I bawled my eyes out for the entirety of the “Friday Night Lights” television series finale (and, to be honest, several preceding episodes), so I had been looking forward to reading the book by the same name. Written by H.G. Bissinger, it inspired the movie, which in turn prompted a television series. I’m generally a book-over-movie-over-show person, as many of you probably are, so my expectations were even higher than usual.
As I began reading Friday Night Lights, I was struck with disappointment as I realized the dissimilarity between the TV show and the book. However, after letting go of the missing characters and some time for reflection, I began to truly appreciate Bissinger’s work for what it is: a stunning work of journalism, capturing a year of intense emotion in an enlightening case study of the football team in a small town in Texas. Bissinger spent a year following the players on the Permian Panthers, investigating the politics and drama that it inspired.
The book primarily flows through a series of vignettes about individual players. For each young man, Bissinger relates his life at home, at school, and on the field. Though they were times difficult to keep straight, I honestly found myself caring for and cheering for each one, from a boy who becomes violently ill before each game to one who cheats his way through school to one who carries the weight of his uncle’s unrealized football dreams. Through the eyes of an outsider, Bissinger is able to portray the players as people—as kids—instead of the mammoth, heroic figures they have become to the citizens of the town.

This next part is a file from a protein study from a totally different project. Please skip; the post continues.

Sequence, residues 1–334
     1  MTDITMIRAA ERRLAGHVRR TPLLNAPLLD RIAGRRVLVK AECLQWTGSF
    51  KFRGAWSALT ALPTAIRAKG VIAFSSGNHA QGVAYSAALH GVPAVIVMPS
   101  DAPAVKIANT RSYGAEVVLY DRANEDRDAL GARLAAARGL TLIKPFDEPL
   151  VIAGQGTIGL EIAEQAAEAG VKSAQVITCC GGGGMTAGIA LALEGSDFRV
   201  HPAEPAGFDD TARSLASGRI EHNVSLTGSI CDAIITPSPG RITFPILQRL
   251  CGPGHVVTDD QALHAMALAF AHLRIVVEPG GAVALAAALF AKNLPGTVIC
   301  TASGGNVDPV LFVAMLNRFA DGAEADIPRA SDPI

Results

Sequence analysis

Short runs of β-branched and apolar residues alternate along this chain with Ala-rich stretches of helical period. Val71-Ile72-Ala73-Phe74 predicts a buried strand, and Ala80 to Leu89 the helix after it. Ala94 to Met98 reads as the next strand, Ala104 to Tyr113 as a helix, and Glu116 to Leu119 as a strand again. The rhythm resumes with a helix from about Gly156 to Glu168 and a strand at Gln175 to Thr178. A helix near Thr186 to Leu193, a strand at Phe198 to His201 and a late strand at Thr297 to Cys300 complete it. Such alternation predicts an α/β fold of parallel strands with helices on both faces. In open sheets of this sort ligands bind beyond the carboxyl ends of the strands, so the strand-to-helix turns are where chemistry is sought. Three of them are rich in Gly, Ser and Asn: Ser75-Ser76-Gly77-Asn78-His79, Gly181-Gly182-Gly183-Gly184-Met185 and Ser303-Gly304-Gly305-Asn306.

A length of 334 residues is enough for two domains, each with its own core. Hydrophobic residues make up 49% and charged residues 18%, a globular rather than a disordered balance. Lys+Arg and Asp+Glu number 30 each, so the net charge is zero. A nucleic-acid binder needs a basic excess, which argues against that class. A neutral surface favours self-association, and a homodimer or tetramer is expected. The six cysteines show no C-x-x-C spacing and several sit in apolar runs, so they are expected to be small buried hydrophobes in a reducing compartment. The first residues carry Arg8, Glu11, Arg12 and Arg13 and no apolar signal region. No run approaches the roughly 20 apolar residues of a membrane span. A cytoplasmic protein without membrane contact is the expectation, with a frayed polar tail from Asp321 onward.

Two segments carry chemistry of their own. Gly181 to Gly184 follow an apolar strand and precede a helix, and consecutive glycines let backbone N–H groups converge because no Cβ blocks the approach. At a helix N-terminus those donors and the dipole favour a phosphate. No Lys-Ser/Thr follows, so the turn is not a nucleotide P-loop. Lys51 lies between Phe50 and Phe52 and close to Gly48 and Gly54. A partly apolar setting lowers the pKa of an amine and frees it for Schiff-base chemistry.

As you can perhaps tell already, there is much more than football in this football book. It examines the town in detail, too, to the extent that it drew vitriolic criticism when it was published. At times, adults and professionals do look foolish as they paint their faces and defend breaking rules to support the team they love; however, the portrayal seems ultimately fair, thorough, and sympathetic. Even so, it is at times hard to take. In particular, the examination of race and education, including a harsh racial divide and a lawsuit over a student’s algebra grade, are remarkable and illuminating. I will say that I enjoy football, and I still skimmed some of the tedious play-by-plays to learn which team emerged victorious. It was well worth it for the substance between the games—and so fascinating to think that for many of the book’s subjects, the games were the primary substance.
There are moments when the book’s events, having occurred in 1988, seem antiquated. Some of the disparities and realities, perhaps unrecognized at the time of publication, are now every day topics. What startled me was the number of times that I forgot the age of the book. Its discussion of difficult economic times, social inequities, the school achievement gap, and teenage drama seemed all too familiar and relevant. I did not find the TV show’s beautifully developed relationships in the book version of Friday Night Lights, but the stories of the players and the problems of the town are more than enough to provoke thought and to give me something to feel like crying about.
The other night I saw a dude with an “East Dillon Football” t-shirt on and I wanted to hug him. I didn’t though. Because that would have been weird.